2 Chronicles 9:21
For the king had the ships of Tarshish that went with Hiram's servants, and once every three years the ships of Tarshish would arrive bearing gold, silver, ivory, apes, and peacocks.
ApesD. Davies.2 Chronicles 9:21
Apes and PeacocksD. Davies.2 Chronicles 9:21
PeacocksD. Davies.2 Chronicles 9:21
Gold and SilverW. Clarkson 2 Chronicles 9:13-20, 27
The Glory of SolomonT. Whitelaw 2 Chronicles 9:13-31
Grandeur Without GodlinessW. Clarkson 2 Chronicles 9:21-31

These words and those that precede them are as suggestive by reason of what is absent from them as by that which is contained in them. They are significant of -

I. GRANDEUR WITHOUT GODLINESS. The historian is drawing his records of the reign of Solomon to a close; and, in taking his view (or his review) of it, he has much to say of the splendours of his throne and of his surroundings; of the multitude of his horses and chariots, with their stalls and stables; of his store of gold and silver; of his apes and peacocks; of his ships and his cedars; but he says nothing of his service of Jehovah; nothing of the gratitude he showed to God for the very bountiful blessings he had bestowed upon him, and the high estate to which he had raised him, and the special gifts of mind with which he had endowed him. Hem there is a painful absence, a silence that speaks only too forcibly. When Solomon came to review his own life and to examine his own career in the light of early influence and special privilege, he must have felt constrained to be silent, or, if he spoke at all, to use the language of confession. There had been much grandeur but little godliness in his reign. And what had been the proved value of it?

1. The delight it had ministered to him had been of a less noble and less elevating kind, if not actually ignoble and injurious.

2. It bad led his mind away from sources of joy which would have been far worthier in themselves and far more beneficial in their influence.

3. It had raised a standard of excellency before the eyes of his subjects which can have had no enlarging and elevating effect upon their minds.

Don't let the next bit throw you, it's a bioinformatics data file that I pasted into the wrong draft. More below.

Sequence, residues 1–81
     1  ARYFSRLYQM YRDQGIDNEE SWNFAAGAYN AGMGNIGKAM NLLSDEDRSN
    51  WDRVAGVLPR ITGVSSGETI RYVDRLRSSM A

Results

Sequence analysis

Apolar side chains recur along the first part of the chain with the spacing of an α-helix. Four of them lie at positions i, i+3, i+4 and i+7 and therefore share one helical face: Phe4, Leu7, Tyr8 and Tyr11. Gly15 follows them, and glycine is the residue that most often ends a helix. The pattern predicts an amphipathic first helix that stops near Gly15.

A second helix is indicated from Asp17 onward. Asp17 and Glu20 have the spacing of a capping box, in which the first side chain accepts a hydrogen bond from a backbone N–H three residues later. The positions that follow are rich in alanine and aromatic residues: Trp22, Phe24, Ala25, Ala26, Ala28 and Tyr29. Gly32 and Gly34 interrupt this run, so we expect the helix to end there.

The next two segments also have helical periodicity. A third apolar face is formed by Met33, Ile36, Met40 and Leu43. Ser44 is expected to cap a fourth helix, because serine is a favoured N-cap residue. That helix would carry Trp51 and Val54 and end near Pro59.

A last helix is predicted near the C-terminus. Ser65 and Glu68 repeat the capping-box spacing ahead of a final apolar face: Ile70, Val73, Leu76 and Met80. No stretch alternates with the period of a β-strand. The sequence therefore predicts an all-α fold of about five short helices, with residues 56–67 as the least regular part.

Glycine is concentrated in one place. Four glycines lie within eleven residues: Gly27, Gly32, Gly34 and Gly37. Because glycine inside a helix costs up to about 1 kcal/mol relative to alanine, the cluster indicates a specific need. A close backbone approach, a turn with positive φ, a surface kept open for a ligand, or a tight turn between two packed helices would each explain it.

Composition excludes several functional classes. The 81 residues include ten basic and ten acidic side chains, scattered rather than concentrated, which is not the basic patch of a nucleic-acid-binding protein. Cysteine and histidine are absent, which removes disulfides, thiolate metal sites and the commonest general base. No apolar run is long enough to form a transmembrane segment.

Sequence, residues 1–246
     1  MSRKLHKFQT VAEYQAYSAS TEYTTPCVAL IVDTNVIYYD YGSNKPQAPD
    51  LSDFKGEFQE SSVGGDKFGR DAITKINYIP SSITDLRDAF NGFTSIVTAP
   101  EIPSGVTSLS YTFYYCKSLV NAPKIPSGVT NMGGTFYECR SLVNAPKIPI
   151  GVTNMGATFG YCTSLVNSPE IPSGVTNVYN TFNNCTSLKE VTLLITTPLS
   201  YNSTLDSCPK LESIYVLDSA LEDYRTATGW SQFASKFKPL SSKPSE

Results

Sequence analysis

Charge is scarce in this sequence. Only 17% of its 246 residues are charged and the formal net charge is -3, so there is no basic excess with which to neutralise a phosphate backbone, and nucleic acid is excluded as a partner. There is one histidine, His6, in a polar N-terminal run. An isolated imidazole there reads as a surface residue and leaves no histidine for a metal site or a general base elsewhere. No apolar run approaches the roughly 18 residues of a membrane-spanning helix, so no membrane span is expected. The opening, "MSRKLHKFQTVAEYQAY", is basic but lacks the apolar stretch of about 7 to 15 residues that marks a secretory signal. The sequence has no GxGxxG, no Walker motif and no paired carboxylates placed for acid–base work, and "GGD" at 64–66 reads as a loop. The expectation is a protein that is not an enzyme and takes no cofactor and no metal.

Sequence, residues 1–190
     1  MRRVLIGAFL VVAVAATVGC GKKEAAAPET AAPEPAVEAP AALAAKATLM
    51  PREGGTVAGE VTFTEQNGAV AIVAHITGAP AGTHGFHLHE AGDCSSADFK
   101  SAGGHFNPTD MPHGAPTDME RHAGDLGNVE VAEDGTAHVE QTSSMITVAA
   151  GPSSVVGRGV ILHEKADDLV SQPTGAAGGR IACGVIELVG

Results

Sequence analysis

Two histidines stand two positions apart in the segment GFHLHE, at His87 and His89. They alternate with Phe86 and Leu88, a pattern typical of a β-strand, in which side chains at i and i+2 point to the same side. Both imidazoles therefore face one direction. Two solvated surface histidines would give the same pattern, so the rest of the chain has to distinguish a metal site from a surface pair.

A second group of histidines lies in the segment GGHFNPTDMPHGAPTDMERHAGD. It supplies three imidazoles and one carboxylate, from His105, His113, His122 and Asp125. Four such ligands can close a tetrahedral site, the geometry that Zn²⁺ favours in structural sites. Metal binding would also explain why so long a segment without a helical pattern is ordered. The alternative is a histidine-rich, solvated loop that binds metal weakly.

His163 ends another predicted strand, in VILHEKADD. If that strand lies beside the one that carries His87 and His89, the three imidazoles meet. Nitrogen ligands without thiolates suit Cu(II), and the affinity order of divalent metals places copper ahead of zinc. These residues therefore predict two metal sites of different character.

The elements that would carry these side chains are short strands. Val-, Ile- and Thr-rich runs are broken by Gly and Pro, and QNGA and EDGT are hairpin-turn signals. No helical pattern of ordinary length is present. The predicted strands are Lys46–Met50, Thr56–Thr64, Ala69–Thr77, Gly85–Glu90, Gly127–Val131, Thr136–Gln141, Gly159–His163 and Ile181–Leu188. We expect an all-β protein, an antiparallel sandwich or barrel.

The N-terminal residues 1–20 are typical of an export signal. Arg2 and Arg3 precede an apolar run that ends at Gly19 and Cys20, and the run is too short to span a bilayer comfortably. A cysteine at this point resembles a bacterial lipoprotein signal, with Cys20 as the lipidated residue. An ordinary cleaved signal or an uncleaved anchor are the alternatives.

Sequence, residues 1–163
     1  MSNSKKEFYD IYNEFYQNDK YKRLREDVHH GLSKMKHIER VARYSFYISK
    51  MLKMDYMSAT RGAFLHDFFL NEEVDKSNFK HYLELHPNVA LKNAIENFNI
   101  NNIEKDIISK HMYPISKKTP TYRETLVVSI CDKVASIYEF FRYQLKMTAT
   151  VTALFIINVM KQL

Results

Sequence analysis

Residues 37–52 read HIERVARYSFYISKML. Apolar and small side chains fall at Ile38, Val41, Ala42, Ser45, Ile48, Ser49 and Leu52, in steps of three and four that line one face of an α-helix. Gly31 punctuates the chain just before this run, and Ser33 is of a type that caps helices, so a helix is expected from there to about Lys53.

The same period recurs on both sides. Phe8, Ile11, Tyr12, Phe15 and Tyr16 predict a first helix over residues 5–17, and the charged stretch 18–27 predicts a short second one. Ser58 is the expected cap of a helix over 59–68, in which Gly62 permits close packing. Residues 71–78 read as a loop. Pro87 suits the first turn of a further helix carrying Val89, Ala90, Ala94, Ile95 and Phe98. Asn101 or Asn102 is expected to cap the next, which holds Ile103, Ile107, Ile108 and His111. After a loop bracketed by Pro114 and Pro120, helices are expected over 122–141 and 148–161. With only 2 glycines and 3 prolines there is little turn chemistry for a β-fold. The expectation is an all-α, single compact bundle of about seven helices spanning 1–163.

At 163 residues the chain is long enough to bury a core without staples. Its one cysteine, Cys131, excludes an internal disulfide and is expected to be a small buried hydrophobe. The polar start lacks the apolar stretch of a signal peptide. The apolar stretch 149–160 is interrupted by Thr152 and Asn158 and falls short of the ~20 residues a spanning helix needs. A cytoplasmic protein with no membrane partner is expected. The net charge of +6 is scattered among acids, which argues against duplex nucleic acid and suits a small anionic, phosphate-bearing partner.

4. It must have awakened the cupidity of surrounding sovereigns and the envy of many among his subjects.

5. It must have been in painful, not to say guilty, contrast with much poverty in many hundreds of Hebrew homes.

6. It entailed a heavy penalty on the people in the shape of burdensome taxes. Grandeur without godliness is a serious sin and a profound mistake. It is as guilty as it is foolish. And so we find the man who "passed all the kings of the earth" in wealth and in a certain order of wisdom (ver. 22), going down into fault and failure because he lost that "fear of God" which he ought to have understood was "the beginning of wisdom." Unfaithfulness to the principles he learned in youth sent him down into his grave "prematurely old," his kingdom weakened, his character corrupted, his reputation bearing upon its face a dark and ineffaceable stain. How unspeakably preferable is -

II. SIMPLICITY AND SACRED SERVICE. Rather than have grandeur without godliness, who would not live in obscurity with a name that does not travel beyond his "native hills," in a home unfamiliar with ivory and gold, living on homeliest fare and dressed in plainest raiment, with the love of the heavenly Father in the heart, the sense of his abiding favour in the soul, Christ's happy and holy service for the heritage of the life, and his nearer presence the promise of the future? Before honour is humility, before grandeur is godliness, before gold and silver is a noble and a useful life. - C.

And apes, and peacocks.
(to children): — We learn from this passage —


II. WHAT EVEN WISE MEN WILL DO, WHEN THEY HAVE MORE MONEY THAN THEY KNOW HOW TO USE. Such was Solomon's position; apes and peacocks were costly, and so he had a special desire to have s goodly number about him.